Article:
I cannot terminate these general remarks—which might be infinitely extended, so many are the shades and details in the teaching and practice of the waltze à deux temps —without reminding the professors that in regulating the step and attitudes of their pupils they should endeavour to preserve the characteristics of each, and should take care that while the waltzers appear elegant and fashionable in their movements, they still remain themselves.

I have remarked—and no doubt others have done the same—that there are almost as many sorts of waltzers, as there are kinds of dances. One is distinguished by his impetuosity, his fire; his attitude without being exactly disordered has not all the prescribed regularity; but he makes amends for these defects by the inappreciable qualities of warmth and vigour. Another waltzes calmly and without the least agitation; if he does not carry away his partner, in requital he impresses upon her a motion calm and sweet, that may be compared to a rocking, and which although a merit opposite to the dancer of fire and spirit, does not the less constitute one of the qualities of a good dancer.

It sometimes happens that without exactly springing, certain waltzers seem at every step to slightly leave the ground by means of a kind of continued rising, which is not without grace, and above all facilitates the execution of the valse course.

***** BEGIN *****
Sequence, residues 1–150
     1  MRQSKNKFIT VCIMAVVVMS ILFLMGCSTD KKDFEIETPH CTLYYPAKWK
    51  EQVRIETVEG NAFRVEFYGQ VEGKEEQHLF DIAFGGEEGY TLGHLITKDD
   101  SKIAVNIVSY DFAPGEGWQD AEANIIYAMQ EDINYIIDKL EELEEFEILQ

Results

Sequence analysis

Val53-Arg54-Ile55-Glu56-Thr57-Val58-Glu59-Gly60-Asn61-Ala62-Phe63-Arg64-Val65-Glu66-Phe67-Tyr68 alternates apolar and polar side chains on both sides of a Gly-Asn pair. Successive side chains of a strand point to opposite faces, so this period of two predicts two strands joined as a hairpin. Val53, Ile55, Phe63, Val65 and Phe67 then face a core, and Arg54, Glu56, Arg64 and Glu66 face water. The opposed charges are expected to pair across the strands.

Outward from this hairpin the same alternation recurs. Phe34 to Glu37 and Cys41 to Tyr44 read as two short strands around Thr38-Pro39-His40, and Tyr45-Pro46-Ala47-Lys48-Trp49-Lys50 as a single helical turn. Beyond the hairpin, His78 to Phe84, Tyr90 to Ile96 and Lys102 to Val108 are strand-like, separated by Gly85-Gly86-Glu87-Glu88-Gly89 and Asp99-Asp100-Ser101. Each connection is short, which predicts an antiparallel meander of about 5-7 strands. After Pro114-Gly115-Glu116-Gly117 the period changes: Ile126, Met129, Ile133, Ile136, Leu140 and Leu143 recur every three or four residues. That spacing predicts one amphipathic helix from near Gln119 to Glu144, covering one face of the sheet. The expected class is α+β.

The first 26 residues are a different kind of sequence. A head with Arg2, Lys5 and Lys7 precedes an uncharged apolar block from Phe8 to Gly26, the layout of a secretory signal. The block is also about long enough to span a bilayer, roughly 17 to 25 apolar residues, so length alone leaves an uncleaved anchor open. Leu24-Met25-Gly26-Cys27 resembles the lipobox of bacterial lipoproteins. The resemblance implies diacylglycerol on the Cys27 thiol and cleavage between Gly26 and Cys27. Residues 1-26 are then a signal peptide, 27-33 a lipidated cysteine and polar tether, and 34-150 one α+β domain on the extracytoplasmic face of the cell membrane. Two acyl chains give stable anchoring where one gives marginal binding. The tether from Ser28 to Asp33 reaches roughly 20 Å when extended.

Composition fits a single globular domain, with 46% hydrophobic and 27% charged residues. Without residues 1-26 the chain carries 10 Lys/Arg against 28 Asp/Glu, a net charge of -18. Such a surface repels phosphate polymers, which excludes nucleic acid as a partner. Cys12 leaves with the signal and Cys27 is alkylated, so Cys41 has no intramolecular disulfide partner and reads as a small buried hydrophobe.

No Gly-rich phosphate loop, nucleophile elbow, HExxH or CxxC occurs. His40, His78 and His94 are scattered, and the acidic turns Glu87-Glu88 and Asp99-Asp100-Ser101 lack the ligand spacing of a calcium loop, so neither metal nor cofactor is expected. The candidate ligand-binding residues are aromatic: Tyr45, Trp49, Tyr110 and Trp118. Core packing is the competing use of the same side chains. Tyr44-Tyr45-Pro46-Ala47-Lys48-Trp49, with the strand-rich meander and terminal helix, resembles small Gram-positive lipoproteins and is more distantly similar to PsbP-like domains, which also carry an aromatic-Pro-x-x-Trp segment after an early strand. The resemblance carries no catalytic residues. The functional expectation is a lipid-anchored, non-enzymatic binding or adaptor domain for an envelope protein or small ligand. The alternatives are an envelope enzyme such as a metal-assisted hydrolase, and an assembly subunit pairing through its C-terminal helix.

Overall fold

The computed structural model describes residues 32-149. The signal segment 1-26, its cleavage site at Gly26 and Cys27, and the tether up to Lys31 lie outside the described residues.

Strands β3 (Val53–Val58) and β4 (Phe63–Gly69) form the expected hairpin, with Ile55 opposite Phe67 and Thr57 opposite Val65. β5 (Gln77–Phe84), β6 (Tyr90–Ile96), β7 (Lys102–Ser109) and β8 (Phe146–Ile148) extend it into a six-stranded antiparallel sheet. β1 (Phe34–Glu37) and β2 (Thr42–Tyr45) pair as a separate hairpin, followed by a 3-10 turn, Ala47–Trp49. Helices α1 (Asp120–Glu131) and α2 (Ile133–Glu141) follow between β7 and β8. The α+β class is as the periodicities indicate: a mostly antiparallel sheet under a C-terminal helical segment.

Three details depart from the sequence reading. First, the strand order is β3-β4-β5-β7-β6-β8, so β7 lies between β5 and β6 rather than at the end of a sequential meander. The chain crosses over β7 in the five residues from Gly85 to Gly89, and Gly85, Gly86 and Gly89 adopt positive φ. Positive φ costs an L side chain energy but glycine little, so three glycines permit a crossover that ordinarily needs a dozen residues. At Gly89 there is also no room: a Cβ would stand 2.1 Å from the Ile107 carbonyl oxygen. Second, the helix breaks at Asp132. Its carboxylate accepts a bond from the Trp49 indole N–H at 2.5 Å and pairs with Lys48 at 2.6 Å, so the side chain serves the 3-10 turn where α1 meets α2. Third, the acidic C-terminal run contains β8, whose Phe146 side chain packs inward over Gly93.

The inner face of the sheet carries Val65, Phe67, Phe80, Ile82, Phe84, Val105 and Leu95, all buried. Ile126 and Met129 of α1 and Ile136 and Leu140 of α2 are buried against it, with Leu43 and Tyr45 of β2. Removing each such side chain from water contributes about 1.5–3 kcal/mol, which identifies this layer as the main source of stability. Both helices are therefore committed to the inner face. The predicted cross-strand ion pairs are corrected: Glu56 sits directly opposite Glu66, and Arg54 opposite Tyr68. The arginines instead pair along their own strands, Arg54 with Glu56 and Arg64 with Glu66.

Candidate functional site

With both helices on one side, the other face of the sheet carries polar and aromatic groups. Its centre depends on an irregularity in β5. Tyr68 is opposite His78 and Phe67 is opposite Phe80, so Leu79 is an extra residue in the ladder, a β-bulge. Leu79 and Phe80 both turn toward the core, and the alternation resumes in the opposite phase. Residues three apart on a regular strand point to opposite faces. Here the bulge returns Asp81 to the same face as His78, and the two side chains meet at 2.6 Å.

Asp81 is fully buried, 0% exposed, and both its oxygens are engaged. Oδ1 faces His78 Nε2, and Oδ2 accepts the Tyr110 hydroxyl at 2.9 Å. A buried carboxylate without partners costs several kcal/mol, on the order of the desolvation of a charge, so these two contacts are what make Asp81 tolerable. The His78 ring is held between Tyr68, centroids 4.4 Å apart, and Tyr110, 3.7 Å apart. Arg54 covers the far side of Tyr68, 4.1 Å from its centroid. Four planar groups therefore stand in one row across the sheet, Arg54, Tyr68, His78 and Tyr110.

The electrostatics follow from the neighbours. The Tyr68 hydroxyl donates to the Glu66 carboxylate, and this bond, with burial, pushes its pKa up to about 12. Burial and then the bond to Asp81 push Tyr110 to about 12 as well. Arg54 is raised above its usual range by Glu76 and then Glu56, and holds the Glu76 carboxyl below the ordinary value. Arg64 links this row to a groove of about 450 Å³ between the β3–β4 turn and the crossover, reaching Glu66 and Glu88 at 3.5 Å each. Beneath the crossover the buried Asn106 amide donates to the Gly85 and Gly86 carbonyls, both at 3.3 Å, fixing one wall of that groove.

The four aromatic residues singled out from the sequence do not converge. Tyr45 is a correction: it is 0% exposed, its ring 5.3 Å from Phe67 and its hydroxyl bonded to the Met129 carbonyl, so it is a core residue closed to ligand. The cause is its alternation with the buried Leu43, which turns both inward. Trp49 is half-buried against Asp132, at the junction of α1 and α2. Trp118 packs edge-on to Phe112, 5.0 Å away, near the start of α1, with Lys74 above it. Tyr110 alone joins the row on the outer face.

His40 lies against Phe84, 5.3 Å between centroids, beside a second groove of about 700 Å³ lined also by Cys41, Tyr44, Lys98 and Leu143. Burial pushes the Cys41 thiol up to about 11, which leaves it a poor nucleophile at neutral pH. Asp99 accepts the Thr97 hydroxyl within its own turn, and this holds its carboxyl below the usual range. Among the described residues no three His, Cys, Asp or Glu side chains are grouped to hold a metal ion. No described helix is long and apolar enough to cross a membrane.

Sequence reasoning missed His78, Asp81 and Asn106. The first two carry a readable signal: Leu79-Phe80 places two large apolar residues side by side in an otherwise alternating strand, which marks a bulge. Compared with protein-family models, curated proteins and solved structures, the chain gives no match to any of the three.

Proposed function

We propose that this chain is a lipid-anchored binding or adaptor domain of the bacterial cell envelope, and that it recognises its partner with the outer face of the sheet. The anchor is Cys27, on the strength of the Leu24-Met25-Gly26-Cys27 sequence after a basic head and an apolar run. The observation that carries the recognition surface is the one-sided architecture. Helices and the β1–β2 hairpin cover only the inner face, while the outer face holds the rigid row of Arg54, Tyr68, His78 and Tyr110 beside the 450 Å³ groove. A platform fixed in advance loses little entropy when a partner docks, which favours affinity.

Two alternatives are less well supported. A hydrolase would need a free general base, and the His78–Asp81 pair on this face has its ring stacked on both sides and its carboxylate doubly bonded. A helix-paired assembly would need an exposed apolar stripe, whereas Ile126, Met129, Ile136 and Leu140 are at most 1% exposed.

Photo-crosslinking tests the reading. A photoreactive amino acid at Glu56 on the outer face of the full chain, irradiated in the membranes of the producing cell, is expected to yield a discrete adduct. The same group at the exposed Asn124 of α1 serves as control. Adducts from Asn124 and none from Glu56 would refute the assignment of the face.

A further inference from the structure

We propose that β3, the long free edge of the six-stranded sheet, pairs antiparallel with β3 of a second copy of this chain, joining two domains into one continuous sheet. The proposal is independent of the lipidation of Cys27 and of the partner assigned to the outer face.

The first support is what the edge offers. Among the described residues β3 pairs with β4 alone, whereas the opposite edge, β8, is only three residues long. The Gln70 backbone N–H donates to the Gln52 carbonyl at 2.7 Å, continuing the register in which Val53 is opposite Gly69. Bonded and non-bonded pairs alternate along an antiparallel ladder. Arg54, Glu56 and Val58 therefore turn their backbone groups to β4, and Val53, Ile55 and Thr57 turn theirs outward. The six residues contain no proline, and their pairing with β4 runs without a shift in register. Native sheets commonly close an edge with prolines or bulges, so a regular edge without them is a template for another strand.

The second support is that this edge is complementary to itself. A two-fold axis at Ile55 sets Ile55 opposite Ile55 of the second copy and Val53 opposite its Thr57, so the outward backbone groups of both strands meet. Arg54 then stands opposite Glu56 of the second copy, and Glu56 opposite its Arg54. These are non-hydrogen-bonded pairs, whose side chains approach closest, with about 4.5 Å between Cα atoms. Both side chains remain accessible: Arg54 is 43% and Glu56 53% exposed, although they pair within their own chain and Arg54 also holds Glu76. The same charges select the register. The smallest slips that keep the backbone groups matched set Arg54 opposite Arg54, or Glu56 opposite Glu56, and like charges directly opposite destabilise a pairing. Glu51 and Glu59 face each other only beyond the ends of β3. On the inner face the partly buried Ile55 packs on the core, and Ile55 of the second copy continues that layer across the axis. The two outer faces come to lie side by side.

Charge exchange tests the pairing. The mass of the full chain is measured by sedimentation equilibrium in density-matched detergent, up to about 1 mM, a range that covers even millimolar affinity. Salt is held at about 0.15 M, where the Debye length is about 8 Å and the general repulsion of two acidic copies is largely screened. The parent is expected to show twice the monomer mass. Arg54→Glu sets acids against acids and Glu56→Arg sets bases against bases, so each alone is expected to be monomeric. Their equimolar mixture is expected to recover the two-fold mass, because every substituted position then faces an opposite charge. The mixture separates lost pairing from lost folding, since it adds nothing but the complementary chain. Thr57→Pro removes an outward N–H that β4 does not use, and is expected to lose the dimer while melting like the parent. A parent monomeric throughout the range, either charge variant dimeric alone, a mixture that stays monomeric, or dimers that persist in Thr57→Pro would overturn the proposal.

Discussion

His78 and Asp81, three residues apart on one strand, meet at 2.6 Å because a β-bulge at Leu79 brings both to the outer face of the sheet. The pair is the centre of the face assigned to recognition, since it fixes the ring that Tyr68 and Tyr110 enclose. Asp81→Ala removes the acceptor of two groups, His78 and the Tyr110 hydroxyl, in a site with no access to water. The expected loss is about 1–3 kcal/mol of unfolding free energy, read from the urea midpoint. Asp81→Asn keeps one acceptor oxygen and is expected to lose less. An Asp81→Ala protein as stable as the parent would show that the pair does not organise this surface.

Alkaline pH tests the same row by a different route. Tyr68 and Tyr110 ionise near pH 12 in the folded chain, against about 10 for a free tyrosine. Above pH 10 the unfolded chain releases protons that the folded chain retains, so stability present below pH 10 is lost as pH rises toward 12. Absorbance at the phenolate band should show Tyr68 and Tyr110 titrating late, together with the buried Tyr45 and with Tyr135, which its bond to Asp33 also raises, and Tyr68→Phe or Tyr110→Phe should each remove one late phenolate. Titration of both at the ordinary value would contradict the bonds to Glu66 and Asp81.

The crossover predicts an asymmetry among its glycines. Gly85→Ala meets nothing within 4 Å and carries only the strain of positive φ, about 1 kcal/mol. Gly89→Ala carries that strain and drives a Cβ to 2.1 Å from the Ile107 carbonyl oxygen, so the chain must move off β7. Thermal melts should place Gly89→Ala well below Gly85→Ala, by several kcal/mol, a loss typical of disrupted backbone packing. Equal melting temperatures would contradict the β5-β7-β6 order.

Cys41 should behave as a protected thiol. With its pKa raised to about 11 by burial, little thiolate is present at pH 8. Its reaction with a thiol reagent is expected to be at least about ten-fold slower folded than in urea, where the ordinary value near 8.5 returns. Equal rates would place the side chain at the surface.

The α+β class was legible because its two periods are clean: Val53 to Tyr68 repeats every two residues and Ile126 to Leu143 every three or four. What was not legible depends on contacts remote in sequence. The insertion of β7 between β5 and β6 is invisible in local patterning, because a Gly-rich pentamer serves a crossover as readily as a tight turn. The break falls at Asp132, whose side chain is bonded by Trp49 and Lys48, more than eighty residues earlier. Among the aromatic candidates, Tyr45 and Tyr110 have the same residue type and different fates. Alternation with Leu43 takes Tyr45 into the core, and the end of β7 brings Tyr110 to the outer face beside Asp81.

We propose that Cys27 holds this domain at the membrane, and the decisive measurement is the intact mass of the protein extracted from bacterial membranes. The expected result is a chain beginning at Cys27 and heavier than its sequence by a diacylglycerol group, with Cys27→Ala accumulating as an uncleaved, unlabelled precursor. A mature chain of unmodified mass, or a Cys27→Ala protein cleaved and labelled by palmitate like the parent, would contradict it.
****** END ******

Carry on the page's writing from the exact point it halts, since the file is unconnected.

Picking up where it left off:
The master must be careful not to attempt reforming any of those peculiarities which are often the result in each individual of constitution and nature. Fortunately one may be an equally good waltzer with the most opposite qualities, and the questions of self-love and rivalry amongst them reduce themselves to nothing.

That such a waltzer is preferred to such an one in the world is not at all surprising; it often happens not because the one is superior to the other, but simply because his step is more in harmony with that of such or such a lady. The varieties that exist amongst the waltzers reproduce themselves amongst the valseuses.

These dissimilitudes or affections constitute one of the great charms of the waltze à deux temps. The expert dancer has the prospect of finding a new waltze almost at every fresh invitation. Uniformity exists only for novices or the unskilful.


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Drawing Room Dances by Henri Cellarius Chapter 10